STAYING FIT At Royal Brunei Airlines, your health, safety and comfort is of prime importance to us. For your general well-being onboard our ﬂights, we would recommend the basic inﬂight exercises.
Ankle circles While seated, raise one foot and draw a circle with your toes. Rotate clockwise for 15 seconds and repeat the same counterclockwise. Repeat with the other foot. You can do one foot at a time or both simultaneously.
Knee lifts Lift and hug your knee to your chest as close as you can. Hold for 15 seconds. Alternate knee. Repeat 10-15 times for each knee.
Shoulder roll Relax shoulders then hunch them forward. Rotate gently 10-15 times.
Neck roll With shoulders relaxed, drop ear to shoulder and gently roll neck forward and back, holding each position about ﬁve seconds. Repeat ﬁve times.
Upper back ﬂex Stretch hands forward, then pull back slowly as far as possible. Repeat 10-15 times.
Trunk ﬂex With both feet on the ﬂoor and stomach held in, slowly bend forward and walk your hands down the front of your legs toward your ankles. Hold stretch for 15 seconds and slowly sit back up.
TRAVELLER’S GUIDE Brunei Visitor Information Visas* Austrian, German, Malaysian, Singaporean, British nationals with the right of abode in the United Kingdom, The Netherlands and New Zealand nationals are exempted from the requirement to obtain a visa for visits not exceeding 30 days. American passport holders can enter Brunei Darussalam for three months without visas. For nationals of Belgium, Canada, Denmark, France, Indonesia, Italy, Japan, Luxembourg, Republic of Maldives, Norway, Oman, The Philippines, South Korea, Spain, Sweden, Switzerland, Thailand and The Principality of Liechtenstein — visas are waived for 14day visits. Nationals of Australia are issued visas on arrival at the Brunei International Airport for visits not exceeding 30 days. All other visitors entering Brunei Darussalam must have visas obtainable from any Brunei Darussalam diplomatic mission abroad. These visas are normally issued for a two-week stay but can be renewed in Brunei. Visitors must hold onward tickets and suﬃcient funds to support themselves while in the country. N.B. For more details, please contact your nearest Brunei Embassy or diplomatic representative. Currency Bearer Negotiation Instrument Declaration Passengers entering or leaving Brunei who carry physical currency or bearer negotiable instruments valued at BND15,000 or more are required to complete a declaration form and submit it to a customs oﬃcer (if arriving in Brunei) or an immigration oﬃcer (if departing Brunei).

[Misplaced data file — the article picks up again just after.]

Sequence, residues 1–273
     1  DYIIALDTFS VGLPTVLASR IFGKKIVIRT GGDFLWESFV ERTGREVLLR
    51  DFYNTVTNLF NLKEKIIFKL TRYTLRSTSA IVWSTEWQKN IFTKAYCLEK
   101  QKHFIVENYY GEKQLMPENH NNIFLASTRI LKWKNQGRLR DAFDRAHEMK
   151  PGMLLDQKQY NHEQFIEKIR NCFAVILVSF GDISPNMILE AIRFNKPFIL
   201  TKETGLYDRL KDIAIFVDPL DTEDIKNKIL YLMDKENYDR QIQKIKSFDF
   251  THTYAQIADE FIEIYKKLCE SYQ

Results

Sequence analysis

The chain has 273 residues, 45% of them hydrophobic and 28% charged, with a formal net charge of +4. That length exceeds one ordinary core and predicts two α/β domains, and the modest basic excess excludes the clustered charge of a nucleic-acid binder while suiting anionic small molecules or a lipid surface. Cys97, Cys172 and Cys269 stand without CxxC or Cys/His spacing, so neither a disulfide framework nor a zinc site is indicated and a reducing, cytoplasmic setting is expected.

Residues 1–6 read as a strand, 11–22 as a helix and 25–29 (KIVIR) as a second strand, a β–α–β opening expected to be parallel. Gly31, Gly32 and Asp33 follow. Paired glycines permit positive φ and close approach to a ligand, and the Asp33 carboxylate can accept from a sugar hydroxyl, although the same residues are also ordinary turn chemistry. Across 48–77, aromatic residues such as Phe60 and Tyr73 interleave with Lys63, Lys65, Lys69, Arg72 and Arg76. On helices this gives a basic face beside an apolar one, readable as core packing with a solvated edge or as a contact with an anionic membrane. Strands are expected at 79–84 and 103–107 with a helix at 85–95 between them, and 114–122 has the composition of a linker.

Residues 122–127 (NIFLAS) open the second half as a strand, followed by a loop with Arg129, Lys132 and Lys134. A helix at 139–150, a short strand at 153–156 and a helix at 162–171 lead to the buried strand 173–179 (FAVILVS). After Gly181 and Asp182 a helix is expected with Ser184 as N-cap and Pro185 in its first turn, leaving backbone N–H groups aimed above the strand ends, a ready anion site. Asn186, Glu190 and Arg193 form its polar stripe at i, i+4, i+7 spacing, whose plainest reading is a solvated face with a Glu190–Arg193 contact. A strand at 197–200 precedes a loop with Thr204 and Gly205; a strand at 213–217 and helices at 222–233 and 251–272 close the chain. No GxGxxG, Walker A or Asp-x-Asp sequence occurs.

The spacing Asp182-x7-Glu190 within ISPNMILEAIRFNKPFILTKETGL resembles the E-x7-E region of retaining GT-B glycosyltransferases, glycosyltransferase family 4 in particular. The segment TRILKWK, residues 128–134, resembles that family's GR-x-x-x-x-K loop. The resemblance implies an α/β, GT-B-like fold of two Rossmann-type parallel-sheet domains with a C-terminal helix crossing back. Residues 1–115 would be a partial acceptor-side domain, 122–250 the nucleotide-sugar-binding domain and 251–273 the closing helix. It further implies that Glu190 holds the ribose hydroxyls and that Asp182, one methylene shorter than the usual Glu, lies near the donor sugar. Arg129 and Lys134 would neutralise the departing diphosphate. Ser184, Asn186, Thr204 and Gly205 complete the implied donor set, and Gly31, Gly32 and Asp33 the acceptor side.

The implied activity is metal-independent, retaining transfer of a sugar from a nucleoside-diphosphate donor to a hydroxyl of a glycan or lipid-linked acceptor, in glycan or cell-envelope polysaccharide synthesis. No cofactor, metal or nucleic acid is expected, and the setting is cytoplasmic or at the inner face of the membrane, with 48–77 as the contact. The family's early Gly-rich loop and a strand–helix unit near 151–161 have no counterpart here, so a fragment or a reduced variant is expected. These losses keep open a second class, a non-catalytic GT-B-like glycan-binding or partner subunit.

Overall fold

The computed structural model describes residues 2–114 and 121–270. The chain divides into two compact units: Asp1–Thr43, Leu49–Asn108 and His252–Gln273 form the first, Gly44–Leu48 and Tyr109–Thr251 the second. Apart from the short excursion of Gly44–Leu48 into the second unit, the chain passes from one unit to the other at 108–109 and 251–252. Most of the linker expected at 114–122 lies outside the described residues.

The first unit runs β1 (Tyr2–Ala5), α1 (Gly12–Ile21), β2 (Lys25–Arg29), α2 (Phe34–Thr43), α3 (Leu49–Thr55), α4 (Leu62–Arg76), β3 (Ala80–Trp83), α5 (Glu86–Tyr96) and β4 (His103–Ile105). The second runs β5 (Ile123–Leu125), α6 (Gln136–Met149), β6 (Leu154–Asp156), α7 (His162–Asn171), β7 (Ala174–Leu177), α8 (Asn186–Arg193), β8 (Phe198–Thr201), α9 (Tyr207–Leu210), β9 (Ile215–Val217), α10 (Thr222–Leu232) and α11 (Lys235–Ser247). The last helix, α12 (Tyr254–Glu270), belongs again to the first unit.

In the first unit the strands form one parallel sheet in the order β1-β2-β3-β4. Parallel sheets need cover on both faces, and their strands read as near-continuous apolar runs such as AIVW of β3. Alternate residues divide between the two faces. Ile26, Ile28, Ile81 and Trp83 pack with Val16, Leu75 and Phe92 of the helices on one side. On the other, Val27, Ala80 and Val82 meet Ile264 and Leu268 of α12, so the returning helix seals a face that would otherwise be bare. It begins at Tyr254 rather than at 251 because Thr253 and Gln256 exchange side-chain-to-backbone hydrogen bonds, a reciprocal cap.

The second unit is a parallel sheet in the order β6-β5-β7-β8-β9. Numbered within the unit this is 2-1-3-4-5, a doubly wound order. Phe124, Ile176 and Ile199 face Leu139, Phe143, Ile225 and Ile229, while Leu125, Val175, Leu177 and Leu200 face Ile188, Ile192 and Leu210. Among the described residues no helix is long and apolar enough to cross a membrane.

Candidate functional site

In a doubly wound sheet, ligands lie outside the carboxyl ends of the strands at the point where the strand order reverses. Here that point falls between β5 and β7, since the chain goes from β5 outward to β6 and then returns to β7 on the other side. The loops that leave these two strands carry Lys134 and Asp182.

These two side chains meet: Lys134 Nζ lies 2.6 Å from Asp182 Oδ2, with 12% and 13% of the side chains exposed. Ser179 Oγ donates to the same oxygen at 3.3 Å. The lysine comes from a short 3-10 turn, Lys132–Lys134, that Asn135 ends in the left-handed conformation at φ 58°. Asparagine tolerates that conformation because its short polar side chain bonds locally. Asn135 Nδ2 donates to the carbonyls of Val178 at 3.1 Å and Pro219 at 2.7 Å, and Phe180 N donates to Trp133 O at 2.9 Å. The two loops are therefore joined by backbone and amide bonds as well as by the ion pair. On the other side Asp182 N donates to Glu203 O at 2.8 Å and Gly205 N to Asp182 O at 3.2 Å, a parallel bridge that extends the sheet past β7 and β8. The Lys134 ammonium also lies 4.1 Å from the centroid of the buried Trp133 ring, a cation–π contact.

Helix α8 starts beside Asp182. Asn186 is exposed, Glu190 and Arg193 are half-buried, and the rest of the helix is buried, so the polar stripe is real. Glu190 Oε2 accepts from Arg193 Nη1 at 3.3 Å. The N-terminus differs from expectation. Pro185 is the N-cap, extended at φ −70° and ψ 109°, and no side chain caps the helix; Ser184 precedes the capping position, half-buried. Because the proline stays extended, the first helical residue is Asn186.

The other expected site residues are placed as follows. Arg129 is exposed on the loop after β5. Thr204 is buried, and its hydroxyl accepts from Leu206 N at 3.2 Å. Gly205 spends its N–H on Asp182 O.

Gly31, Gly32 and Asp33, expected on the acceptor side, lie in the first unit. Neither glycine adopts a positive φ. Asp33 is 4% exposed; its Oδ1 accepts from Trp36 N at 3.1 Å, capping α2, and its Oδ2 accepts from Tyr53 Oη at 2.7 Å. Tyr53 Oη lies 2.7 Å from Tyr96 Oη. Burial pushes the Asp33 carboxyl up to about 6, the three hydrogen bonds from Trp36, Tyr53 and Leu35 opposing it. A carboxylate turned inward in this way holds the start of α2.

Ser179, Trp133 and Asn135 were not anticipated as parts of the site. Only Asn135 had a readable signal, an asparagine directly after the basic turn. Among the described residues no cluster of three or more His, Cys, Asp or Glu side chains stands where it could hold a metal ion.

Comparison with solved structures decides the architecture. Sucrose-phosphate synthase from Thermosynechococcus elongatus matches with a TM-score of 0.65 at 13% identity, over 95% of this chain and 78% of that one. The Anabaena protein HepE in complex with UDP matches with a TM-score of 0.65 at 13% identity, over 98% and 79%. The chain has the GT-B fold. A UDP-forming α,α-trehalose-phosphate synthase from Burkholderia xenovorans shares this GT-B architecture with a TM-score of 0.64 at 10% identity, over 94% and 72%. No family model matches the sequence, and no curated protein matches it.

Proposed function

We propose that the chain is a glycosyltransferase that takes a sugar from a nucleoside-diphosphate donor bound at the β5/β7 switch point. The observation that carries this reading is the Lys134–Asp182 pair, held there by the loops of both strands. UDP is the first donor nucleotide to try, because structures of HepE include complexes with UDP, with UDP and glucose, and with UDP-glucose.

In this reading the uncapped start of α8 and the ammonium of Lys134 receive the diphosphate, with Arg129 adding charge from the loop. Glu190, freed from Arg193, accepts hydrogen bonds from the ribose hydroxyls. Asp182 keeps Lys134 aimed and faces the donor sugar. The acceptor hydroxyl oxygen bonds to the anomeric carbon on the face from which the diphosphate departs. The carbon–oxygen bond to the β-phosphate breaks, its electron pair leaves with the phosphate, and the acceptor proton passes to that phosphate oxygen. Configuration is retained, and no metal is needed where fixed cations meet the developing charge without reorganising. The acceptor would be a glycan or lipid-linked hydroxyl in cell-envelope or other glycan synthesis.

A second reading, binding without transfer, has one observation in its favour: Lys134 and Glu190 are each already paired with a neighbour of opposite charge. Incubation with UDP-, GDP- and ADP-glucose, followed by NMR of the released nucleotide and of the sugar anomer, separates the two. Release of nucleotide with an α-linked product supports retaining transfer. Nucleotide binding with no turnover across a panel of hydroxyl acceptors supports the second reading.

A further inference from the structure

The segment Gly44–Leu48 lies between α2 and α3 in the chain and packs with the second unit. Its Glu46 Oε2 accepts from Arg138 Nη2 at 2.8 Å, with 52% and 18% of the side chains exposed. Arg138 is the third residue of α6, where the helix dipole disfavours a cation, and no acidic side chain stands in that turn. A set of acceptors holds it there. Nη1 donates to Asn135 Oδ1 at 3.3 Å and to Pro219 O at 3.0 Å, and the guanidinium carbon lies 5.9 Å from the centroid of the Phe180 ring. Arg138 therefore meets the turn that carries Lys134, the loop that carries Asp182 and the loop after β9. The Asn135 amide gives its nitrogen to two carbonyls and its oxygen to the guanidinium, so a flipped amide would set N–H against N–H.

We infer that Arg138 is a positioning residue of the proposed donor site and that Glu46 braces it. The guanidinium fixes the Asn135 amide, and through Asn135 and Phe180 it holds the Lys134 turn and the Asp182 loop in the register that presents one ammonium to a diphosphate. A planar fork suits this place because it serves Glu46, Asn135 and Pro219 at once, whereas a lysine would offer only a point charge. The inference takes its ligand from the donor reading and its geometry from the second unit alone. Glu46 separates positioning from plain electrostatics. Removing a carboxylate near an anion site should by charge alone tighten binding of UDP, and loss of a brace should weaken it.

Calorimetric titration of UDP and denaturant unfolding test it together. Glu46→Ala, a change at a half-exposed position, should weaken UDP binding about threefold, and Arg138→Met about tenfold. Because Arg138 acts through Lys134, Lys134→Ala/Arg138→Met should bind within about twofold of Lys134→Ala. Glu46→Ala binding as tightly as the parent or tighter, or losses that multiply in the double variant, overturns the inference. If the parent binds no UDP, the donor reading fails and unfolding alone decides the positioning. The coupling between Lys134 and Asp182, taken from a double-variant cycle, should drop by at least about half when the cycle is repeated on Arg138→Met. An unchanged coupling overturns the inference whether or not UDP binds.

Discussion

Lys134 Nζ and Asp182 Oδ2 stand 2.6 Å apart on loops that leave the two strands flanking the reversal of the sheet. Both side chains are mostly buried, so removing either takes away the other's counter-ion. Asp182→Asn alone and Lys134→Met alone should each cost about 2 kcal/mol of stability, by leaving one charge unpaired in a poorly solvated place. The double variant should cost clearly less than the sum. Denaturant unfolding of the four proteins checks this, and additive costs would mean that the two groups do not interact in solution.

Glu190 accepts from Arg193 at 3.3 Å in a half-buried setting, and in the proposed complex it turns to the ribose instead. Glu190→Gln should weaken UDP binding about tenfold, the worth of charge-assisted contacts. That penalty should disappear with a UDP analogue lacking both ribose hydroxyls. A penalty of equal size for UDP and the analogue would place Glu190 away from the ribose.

Duty-free Allowance* The import of the following products is subject to restrictions imposed by Brunei’s Customs and Excise Department. Cigarettes: Passengers will be charged duty on cigarettes of $0.25 tax per stick, equal to $5 per pack of 20 sticks of cigarette, and $50 for one carton of 10 packs. Other tobacco products - Import duty on other tobacco products has increased signiﬁcantly. Passengers will be charged duty for the import of tobacco products. Alcohol: Non-Muslim passengers may bring in two bottles of liquor plus 12 cans of beer for personal consumption only; and a reasonable quantity of perfumes. Transportation The airport is about 11km from the capital. Taxis, car rentals and buses are available. Currency The Brunei dollar is on a par with the Singapore dollar, which is also accepted in Brunei. Banks, hotels and many department stores will cash traveller’s cheques. Language Malay is the oﬃcial language but English is widely used. Other languages include Chinese and its dialect variants and other indigenous dialects. Although the oﬃcial religion is Islam, other faiths including Christianity and Buddhism are practised. Clothing Light clothing is advisable as the climate is generally warm and humid. Women are requested to dress modestly in keeping with local customs.